What is Kerygma?
Kerygma (also known as proclamation) stands for Christian preaching. Where it comes from and how it is described in the bible you will find out in this article.
Proclamation / Kerygma
“Proclamation” is one of the most important tasks of the church. The Greek word “kerygma”, which is already used in the New Testament for the public dissemination of a truth or message received from God, actually means “proclamation”; it was used for the loud proclamation of something extremely important, as the emperors of antiquity sometimes ordered in the great squares of the cities. The content of the proclamation and the beginning of every Christian existence is: “Jesus Christ as Lord” (2 Cor 4:5). Pope Francis describes the first proclamation with which everything begins, with the words: “Jesus Christ loves you; he gave his life to save you; and now he is living at your side every day to enlighten, strengthen and free you.”(Evangelii Gaudium 164)
What does the Holy Bible say?
The Proclamation begins with God himself, who already in the Old Testament gives people messages that they cannot have from themselves. We find the primal scene of a proclamation at the beginning of the Gospel of Luke. (Luke 1:26ff.) An angel of God visits a simple young woman – with a completely incredible message from above. Mary finds faith and is completely ready to accept what is being proclaimed. John the Baptist, the last prophet of the Old Testament, announces the coming of someone to whom he is not even worthy to untie the shoelaces (Jn 1:27). Jesus himself is a preacher; he begins his public ministry with an appearance in the temple of Nazareth, where he refers to a prophet’s word of Isaiah (“The Spirit of the Lord rests on me”). Later, Jesus also requires his disciples to confess him, so that Peter proclaims for all what Christians of all centuries will proclaim at the moment they become Christians: “You are the Christ, the Son of the living God! (Mt 16:16) To proclaim this is Peter’s first public appearance (Acts 2:14,36-38). Even imprisonment does not scare Peter and John away from this (Acts 4:23 ff.) In the First Epistle of Peter, “proclamation” is expected of every Christian: “Be always ready to answer to anyone who asks about the hope that is fulfilling you:” (Mt 16:16). (1 Peter 3:15) But the task of proclaiming is entrusted to the apostles (and their successors) in a special way: “Woe to me,” says Paul in 1 Cor 9:16, “if I do not proclaim the gospel!
A short YOUCAT-Catechesis
Marathon for Jesus
Pheidippides was the name of the man who wrote history in the year 490 BC. Legend has it that he was the messenger who, after the battle of Marathon, brought the citizens of Athens a very important message. For two days, it is said, he ran without interruption, only to collapse dead in Athens with the words “We have won! Eliud Kipchoge needed 1:59:40 for his unofficial world record in 2019 for almost the same distance – and he is still alive. If the Kenyan were a normal marathon runner, his run would have brought the world only the message: “I have won! But Eliud Kipchoge is not the kind of person who drums on his chest after victories and displays his athlete’s body for media adoration. The believing Catholic, who regularly attends Holy Mass and prays the rosary, knelt down after his world record, bowed his forehead to the ground and made a sign of the cross in gratitude.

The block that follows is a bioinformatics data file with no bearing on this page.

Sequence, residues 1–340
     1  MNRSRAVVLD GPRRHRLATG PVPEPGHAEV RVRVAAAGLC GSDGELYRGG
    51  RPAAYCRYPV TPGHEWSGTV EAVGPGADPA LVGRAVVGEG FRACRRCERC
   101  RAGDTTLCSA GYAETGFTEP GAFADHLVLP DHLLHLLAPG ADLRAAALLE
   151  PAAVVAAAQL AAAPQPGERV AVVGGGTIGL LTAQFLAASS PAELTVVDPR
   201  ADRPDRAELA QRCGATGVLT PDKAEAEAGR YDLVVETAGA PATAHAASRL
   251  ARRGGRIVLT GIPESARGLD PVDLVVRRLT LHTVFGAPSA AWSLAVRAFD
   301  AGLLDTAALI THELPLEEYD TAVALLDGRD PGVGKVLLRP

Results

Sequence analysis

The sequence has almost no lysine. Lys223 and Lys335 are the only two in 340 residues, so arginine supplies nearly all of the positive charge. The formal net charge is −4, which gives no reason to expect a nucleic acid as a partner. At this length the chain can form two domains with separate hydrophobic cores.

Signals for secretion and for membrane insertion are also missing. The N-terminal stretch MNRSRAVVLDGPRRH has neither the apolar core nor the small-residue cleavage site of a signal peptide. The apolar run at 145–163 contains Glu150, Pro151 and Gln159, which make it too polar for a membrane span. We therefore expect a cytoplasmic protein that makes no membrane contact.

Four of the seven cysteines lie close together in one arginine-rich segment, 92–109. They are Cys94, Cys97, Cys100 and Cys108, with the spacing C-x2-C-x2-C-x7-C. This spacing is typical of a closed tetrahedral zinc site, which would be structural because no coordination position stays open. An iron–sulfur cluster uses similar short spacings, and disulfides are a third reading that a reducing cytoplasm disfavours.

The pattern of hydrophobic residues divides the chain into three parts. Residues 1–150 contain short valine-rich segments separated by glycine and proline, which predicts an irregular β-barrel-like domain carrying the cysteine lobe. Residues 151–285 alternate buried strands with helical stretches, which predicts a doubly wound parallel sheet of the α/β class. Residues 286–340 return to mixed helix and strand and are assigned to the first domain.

For me Eliud Kipchoge is more than a world record holder in the marathon – for which I admire him; he is a “kerygmatic”, a proclaimer of Jesus – for which I love him. His miracle run of Vienna served to deliver a world-historical victory message that affects all people and every life; it is: We no longer have to save ourselves. We are eternally loved, saved and redeemed through Jesus Christ. He is our Lord. To him is due “glory for ever and ever” (Phil 4:20) Eliud Kipchoge understood what it means to be a Christian: be a “preacher of the gospel, faithfully fulfill your ministry! (2 Tim 4:5).
One day God will not ask Eliud Kipchoge how he managed to beat the two hours in his world record. He will ask him about the essence of his life: What did you do? What were you there for? Eliud Kipchoge might be one of the lucky ones who can say: Behold, my Lord, I have tried all my life to do as Paul did: “I have fought the good fight, completed the run, kept the loyalty.” (2 Tim 4:7) Besides, I may have run quite well, but I was proclaiming you, not me.
When Christianity was still in its infancy…